How do you feel about Anger?

Sometimes people deliberately choose to harm others with their anger and these actions leave lots of people with the impression that anger is a bad thing. A more accurate statement is that anger can be dangerous or extremely positive. Like fire. It needs to be contained and used with caution and careful thought.

Fire can burn us. But if we are wise, fire has been used from the beginning of time for providing light, heat, making tools and cooking food. Fire can be productive and nourishing. It can be constructive and clarifying.

When I listen to people like Martin Luther King Jr… I hear anger. When I see Jesus addressing religious leaders who made following God more burdensome then helpful I hear anger in his words.

But there is a time when even our words need to express outrage without shredding our audience to bits. Injustice ignored for the fear of losing the pleasantries of our comfort or privilege, is selfishness.

Dealing with anger in a wise way requires practice rather than suppression of anger. Some people stuff anger down till it turns into depression because they have been trained to believe feeling angry is one the most heinous and hideous emotions they can exude. But here is the reality about it: anger is not sinful and you can get angry without hurting anyone.

More often than not people simply don’t know how to control or contain their anger, so it unintentionally comes flying out of the water like a beach ball that has been suppressed under the water that bounds up frantically without aim or control hitting someone in the face.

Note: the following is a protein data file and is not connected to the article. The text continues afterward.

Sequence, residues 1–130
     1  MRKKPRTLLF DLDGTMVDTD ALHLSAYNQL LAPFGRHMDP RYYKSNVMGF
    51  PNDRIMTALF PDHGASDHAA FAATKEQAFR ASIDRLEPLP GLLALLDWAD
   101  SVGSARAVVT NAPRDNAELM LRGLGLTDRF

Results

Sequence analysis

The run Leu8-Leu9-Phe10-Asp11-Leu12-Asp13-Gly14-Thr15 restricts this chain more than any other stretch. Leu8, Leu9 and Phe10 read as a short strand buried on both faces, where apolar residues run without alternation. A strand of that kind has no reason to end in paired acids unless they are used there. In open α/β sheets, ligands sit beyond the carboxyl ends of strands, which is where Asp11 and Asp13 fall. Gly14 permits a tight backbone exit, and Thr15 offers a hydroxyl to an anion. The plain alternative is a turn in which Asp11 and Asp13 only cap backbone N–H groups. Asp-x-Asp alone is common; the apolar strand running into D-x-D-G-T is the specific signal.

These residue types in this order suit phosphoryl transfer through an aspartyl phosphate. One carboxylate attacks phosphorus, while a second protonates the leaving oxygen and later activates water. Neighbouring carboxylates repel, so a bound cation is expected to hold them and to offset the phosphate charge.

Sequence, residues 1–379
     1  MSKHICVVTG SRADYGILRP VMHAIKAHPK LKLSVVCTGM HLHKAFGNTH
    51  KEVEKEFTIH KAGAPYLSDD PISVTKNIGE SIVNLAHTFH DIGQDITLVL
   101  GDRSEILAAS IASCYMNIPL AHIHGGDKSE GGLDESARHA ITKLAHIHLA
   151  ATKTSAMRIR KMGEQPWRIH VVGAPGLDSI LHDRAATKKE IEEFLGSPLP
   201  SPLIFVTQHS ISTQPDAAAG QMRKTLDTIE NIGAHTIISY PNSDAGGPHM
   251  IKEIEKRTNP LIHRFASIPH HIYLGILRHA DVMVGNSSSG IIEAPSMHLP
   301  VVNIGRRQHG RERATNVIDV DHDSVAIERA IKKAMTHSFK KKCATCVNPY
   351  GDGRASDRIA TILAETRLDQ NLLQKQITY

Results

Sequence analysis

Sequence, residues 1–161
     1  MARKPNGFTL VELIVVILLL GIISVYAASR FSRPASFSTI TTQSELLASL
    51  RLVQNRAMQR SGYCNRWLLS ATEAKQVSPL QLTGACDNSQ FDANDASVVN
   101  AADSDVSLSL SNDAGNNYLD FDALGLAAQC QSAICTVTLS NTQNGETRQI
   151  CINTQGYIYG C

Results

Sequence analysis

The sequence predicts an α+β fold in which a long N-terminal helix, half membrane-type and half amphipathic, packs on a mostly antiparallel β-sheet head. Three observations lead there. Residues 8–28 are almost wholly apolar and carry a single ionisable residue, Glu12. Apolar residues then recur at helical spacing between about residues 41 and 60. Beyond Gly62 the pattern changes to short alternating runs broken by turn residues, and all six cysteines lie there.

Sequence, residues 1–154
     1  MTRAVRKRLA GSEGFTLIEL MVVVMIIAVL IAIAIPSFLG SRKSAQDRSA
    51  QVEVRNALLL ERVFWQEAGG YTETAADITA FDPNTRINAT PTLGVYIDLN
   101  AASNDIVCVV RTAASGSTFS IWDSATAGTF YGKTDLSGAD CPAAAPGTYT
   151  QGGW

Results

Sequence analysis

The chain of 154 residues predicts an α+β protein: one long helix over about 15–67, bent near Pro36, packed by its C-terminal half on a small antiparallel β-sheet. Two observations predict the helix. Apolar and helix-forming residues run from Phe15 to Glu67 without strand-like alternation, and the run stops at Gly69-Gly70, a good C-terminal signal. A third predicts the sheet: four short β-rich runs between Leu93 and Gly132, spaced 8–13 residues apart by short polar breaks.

We can bottle up anger and let it eat us alive or we can learn to express it and understand it. Turning anger on ourselves or blaming one self, can end up being a path to avoid anger but it isn’t healthy and leads to cognitive dissonance rather than being able to productively address real issues. Repression ends up blocking our agency, and ability to make healthy decisions about what to do in any given situation.

Repression of anger (because you are afraid of it and see it as a negative) leads to more unconstrained outbursts than people who have learned to be comfortable yet cautious with anger, as something that has it’s place and way to be handled.

How much have you been shamed or guilted to avoid anger and how does a lack of dealing with anger lead to being overtaken by that anger?

Gail M (she/her)
Author
Gail M (she/her)
Host